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Subject:Re: Contracting moral dilemma From:Fabien Vais <phantoms -at- ACCENT -dot- NET> Date:Wed, 5 Feb 1997 11:42:03 -0500
In my opinion, I would call the people you gave the bid to, and tell them
that you overbid. You looked at the actual work to be done, and there is
less to do than you originally thought. I assume that the payment you
received today was just a deposit, so the balance due should be adjusted as
per your new estimate.
First of all, this shows you're an honest and ethical person. Not bad for
Second, they're going to be happy that the job won't cost them as much as
they had budgeted. A happy client always makes ME happy!!
Third, having made your client happy, they will no doubt remember you for
future contracts. Repeat business is what we live for. A happy client won't
even look elsewhere. They have YOU! You're ethical, honest, good at what you
do, why should they waste time looking elsewhere? They say that for a new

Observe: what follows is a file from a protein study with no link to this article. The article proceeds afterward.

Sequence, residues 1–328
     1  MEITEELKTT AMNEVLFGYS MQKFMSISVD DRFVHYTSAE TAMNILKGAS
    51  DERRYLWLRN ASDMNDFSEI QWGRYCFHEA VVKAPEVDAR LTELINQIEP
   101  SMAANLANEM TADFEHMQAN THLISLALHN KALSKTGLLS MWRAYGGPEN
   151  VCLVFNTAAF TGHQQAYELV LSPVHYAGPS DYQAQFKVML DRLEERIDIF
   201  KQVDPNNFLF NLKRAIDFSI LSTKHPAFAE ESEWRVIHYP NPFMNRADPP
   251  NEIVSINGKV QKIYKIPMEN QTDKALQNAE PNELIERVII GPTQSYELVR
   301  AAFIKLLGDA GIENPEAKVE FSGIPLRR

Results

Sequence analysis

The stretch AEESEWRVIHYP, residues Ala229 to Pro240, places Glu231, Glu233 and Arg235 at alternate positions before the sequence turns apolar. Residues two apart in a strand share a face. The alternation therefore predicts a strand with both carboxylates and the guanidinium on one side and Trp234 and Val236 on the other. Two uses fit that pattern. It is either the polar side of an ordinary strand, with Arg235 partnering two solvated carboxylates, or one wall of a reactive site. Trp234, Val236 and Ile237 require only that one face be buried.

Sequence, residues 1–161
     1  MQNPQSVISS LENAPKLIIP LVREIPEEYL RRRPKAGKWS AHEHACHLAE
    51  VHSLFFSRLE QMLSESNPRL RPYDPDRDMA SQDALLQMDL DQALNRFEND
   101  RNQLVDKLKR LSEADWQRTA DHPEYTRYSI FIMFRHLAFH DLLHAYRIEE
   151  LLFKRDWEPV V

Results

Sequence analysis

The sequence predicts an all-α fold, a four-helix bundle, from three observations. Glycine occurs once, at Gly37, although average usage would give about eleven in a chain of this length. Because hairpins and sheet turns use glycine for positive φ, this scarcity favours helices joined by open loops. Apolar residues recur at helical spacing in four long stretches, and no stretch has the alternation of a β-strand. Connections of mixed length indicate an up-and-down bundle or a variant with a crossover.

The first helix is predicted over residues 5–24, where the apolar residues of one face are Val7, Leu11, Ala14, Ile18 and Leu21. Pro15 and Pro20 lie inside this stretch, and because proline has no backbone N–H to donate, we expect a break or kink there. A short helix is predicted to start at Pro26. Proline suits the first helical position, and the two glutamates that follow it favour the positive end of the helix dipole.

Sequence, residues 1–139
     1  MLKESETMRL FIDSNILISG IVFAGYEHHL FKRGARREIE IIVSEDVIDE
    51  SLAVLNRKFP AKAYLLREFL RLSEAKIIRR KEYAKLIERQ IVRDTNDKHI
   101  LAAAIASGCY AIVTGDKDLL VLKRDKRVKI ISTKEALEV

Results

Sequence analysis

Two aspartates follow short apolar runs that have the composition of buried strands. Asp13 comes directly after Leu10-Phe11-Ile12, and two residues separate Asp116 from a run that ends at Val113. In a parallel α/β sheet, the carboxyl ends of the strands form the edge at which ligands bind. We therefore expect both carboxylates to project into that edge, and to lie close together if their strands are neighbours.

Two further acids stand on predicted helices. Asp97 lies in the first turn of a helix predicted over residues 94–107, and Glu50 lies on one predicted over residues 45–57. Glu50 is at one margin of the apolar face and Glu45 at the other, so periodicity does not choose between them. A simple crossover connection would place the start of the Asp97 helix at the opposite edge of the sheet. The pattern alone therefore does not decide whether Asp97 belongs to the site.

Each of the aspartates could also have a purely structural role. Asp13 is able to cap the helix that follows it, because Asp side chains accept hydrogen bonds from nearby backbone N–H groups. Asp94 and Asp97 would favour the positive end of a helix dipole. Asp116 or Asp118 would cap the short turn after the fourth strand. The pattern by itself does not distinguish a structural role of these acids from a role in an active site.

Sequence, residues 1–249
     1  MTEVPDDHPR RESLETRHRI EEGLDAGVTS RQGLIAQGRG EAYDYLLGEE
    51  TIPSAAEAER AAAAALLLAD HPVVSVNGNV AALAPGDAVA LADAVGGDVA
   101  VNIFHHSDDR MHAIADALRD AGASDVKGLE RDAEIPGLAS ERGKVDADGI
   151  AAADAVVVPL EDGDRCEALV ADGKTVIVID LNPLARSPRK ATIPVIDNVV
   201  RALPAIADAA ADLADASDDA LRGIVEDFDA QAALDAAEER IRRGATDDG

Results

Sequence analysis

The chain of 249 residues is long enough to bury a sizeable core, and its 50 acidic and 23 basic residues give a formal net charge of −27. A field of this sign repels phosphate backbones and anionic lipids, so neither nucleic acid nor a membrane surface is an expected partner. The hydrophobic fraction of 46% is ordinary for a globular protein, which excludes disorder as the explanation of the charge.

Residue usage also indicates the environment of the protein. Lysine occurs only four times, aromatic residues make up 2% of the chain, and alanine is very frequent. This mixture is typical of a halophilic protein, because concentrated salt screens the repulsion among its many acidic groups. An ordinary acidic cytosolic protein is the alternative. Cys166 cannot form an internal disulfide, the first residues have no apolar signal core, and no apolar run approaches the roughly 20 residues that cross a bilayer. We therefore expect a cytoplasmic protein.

client, the first contract is good, the first "repeat" contract is
excellent, but the THIRD contract you do for them really shows that they
consider you as "THEIR MAN", and that they are not looking elsewhere. This
is gold for a consultant.
By the way (I hate "BTW"), I usually give nothing but an ESTIMATE for a job.
Even if I have to sign a contract. This way, if there is any change in
parameters, ONE WAY OR THE OTHER, I can always call them up and tell them
that the estimate has changed, and negotiate something with them.
Hope this has helped.
At 08:03 AM 2/5/97 -0800, you wrote:
>I have successfully bid on a fixed-price contract. I signed the contract
>yesterday, and will receive the first payment today. I started working
>on the files last night, and realized that there really is a lot less
>text than I was thinking when I bid the contract (a non-professional
>actually used sufficient white space!).
>My potential dilemma is: what if I spend a lot less hours on the project
>than I calculated for my bid? It is a fixed bid, but I still based it on
>how many hours I thought it would take. If I go over the amount of time I
>estimated, I certainly wouldn't expect to be paid more...but should I
>return whatever portion that I didn't work for?
>Another contract will follow this one. Should I just adjust the other
>contract to offset any unworked-for income on this one?
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